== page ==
Within the commodity markets and especially precious metals, the sharp erosion of the platinum price both defies logic and paradoxically makes perfect sense. A rarer resource than gold bullion, platinum yet again witnessed a steep selloff, losing 1.9% on Friday to round out the week.
Will the disappointment ever end? At first glance, the situation obviously doesn’t look good at all. Near the half-way point for July, the platinum price is down slightly over 3%. On a year-to-date basis, the “other” white metal has shed an eyebrow-raising 11.3%. It’s by far one of the worst-performing hard assets this year.
To put this into context, gold bullion, while suffering like all other precious metals, is down 4.9% YTD. The historically volatile – and many convincingly argue heavily manipulated –silver bullion is off the pace by 7.2%. The only other asset among precious metals that exceeds the losses seen in the platinum price is palladium, which is only marginally worse at 11.8%.
So what’s going on with the platinum price? Statistically speaking, the extreme rarity of platinum should make it notably more expensive than an equivalent weight of gold bullion. Demand for both is exceptionally robust, not only in terms of jewelry, but also in their usage as industrial assets. Since we’re increasingly moving towards a semiconductor-intensive ecosystem, precious metals represent a top priority for tech manufacturers.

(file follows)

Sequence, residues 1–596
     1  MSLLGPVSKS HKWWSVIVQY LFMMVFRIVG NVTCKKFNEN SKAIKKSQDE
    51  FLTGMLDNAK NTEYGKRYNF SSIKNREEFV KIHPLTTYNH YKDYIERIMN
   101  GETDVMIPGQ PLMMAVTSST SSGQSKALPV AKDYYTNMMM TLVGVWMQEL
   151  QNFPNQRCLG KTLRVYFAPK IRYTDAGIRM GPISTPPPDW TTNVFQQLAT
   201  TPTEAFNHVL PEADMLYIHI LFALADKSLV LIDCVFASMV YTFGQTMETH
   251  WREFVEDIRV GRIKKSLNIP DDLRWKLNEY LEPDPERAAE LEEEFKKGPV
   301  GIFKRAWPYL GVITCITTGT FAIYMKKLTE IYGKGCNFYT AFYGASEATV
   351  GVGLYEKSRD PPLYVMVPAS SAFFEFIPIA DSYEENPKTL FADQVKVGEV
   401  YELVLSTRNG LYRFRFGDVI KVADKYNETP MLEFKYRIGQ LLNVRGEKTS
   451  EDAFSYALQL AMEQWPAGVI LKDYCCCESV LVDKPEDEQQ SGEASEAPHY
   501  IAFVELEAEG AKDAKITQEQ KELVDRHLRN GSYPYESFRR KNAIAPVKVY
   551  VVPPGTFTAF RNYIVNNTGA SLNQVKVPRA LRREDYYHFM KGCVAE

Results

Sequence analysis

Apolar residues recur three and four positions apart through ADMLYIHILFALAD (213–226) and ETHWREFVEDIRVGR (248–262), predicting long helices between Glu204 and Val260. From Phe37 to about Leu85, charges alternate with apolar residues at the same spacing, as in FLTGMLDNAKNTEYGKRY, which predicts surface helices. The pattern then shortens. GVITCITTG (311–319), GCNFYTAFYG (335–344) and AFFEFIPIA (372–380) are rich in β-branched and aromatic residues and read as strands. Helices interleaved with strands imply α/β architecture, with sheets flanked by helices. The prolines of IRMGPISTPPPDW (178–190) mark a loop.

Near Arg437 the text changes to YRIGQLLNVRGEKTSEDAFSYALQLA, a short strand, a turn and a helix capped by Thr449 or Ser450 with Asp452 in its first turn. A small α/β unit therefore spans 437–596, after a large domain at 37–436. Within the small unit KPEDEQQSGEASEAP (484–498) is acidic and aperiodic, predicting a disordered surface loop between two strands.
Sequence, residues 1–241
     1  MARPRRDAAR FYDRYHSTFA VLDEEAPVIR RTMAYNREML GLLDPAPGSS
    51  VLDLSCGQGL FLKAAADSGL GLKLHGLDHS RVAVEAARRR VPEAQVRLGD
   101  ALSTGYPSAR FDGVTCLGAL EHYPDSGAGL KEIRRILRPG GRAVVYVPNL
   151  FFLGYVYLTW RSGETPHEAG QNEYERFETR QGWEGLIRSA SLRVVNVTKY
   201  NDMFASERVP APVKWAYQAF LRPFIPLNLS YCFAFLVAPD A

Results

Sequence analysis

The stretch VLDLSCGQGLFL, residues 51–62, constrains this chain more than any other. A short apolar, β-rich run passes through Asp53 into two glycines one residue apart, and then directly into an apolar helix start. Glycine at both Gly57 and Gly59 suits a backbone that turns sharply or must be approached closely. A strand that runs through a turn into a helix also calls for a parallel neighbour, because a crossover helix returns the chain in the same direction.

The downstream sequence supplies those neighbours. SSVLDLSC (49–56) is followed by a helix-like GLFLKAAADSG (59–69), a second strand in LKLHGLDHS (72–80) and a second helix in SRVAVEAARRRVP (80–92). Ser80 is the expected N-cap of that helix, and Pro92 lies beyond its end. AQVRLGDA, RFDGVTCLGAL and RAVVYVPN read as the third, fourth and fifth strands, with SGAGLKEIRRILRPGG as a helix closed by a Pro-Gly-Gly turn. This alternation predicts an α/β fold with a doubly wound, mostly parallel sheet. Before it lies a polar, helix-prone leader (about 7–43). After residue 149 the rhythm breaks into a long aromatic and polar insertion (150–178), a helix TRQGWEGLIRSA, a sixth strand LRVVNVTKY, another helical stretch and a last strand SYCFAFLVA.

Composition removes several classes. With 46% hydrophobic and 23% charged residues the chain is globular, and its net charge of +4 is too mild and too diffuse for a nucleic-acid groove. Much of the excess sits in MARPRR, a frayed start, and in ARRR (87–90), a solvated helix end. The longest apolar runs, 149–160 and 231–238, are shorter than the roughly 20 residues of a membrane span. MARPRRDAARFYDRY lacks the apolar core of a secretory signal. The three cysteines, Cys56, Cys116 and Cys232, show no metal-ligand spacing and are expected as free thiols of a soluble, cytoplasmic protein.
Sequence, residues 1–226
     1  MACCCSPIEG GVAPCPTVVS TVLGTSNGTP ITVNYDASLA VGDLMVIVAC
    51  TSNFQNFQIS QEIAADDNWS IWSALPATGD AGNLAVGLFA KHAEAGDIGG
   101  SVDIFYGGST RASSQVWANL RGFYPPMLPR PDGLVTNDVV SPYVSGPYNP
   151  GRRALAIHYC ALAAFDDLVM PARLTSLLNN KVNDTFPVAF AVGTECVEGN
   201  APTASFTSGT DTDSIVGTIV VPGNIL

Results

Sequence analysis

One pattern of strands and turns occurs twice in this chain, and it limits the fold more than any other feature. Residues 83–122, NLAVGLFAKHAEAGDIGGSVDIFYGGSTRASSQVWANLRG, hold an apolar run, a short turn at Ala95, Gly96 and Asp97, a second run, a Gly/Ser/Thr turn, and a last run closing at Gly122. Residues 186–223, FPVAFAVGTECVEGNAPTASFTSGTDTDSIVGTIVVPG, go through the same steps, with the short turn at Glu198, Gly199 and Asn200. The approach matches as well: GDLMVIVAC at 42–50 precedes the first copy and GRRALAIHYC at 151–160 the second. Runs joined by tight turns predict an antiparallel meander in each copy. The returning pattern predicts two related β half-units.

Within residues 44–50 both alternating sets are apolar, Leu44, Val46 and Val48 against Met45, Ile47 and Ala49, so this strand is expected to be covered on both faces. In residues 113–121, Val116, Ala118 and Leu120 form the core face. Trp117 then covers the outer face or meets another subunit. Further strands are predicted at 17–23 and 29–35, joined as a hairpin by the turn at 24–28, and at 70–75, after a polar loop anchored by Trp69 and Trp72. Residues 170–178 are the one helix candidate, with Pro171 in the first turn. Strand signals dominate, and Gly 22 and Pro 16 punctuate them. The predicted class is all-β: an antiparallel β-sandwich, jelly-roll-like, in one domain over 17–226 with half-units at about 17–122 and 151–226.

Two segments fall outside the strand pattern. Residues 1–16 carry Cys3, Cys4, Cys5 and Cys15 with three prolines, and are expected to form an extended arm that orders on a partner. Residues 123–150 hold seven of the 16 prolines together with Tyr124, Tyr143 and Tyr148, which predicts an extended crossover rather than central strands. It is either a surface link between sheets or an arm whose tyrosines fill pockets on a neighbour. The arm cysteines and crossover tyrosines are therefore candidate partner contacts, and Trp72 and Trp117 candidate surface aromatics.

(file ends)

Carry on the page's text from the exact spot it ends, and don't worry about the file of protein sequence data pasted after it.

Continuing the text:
Back in 2012, mainstream news source Forbes.com published an article entitled, “Gold Becomes Pricier Than Platinum, That’s Rare And Scary.” Indeed, it is. Contributor Adrian Ash had this to say about the strange dynamic six years ago:
Since last summer, platinum has slipped faster than gold. More notably, it’s slipped below the gold price itself, something seen for only three trading days in December 2008 in the immediate aftermath of Lehman’s bankruptcy. Before that, you have to go back to the recession of 1991…the peak of the “strong dollar” disinflation of 1984…the global stock market’s once-in-a-generation low of 1982…and gold’s big tops of Jan. 1980 and Dec. 1974 to find platinum trading cheaper than the gold price.
In my opinion, the platinum price dropping below gold bullion is the precious metals equivalent of the inverted yield curve, where buyers receive a greater payout for nearer-term expiry bonds than their longer-term equivalent. Put simply, it doesn’t make rational sense.
So why did I say that it does?
The second quarter earnings season kicked off in earnest on Friday with the Q2 results of three major banks: JPMorgan, Citigroup, and Wells Fargo. I covered the Citigroup earnings report for the mainstream media, and their results disappointed: they beat earnings per share estimates, but largely through accounting gymnastics. On revenues, they surprisingly missed.
Citigroup and its big-banking peers are economic bellwethers. Their performance is a solid indicator of the economy’s pulse. And declining revenues, particularly in the North American market and in corporate lending, suggests that the economy isn’t nearly as robust as previously marketed.
In other words, the economic recovery could be fake news, and that the only real news is the platinum price. Precious metals could be declining because in reality, industrial demand doesn’t support them.
That’s not to say, though, that the platinum price and other hard assets are permanently in a bear market. Outside of industrial demand, these resources are considered safe-haven investments. But it might take some time to get to that phase as Main Street is still drinking the Kool-aid.